Magnetic refrigeration is a technology that has proven to be environmentally safe. models have shown 25% efficiency improvement over vapor compression systems. In order to make the Magnetic Refrigerator commercially viable, scientists need to know how to achieve larger temperature swings. Two advantages to using Magnetic Refrigeration over vapor compressed systems are no hazardous chemicals used and they can be up to 60% efficient.
There are still some thermal and magnetic hysteresis problems to be solved for these first-order phase transition materials that exhibit the GMCE to become really useful; this is a subject of current research. This effect is currently being explored to produce better refrigeration techniques, especially for use in spacecraft. This technique is already used to achieve cryogenic temperatures in the laboratory setting (below 10K).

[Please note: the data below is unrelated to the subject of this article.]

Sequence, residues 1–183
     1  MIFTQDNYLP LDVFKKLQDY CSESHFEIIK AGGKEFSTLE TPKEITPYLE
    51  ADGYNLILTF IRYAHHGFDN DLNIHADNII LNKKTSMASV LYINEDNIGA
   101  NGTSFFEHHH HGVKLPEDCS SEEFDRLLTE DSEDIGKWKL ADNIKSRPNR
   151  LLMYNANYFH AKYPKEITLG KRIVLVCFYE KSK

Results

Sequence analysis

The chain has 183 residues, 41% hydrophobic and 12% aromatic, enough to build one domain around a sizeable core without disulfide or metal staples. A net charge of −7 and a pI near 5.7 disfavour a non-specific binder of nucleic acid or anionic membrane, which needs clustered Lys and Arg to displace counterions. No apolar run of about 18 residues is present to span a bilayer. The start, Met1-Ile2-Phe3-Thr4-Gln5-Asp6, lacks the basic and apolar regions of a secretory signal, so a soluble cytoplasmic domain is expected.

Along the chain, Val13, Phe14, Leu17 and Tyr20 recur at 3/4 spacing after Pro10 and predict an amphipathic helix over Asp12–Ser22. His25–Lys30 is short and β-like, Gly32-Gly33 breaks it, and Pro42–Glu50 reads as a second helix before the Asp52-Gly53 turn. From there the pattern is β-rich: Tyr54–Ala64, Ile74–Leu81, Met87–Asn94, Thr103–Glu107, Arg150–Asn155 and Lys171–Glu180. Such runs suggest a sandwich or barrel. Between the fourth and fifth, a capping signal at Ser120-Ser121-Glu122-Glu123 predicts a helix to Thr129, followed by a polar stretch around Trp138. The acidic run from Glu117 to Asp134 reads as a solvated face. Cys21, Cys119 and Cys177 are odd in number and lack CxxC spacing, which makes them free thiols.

The objective of this effort is to determine the feasibility of designing, fabricating and testing a sensor cooler, which uses solid materials as the refrigerant. These materials demonstrate the unique property known as the magneto caloric effect, which means that they increase and decrease in temperature when magnetized/demagnetized. This effect has been observed for many years and was used for cooling near absolute zero. Recently, materials are being developed which have sufficient temperature and entropy change to make them useful for a wide range of temperature applications. The proposed effort includes magneto caloric effect material selection, analyses, design and integration of components into a preliminary design. Benefits of this design are lower cost, longer life, lower weight and higher efficiency because it only requires one moving part – the rotating disk on which the magneto caloric material is mounted. The unit uses no gas compressor, no pumps, no working fluid, no valves, and no ozone-destroying chlorofluorocarbons/hydro chlorofluorocarbons (CFC’s/HCFC’s). Potential commercial applications include cooling of electronics, super conducting components used in telecommunications equipment (cell phone base stations), home and commercial refrigerators, heat pumps, air conditioning for homes, offices and automobiles, and virtually any place that refrigeration is needed.Recommend this topic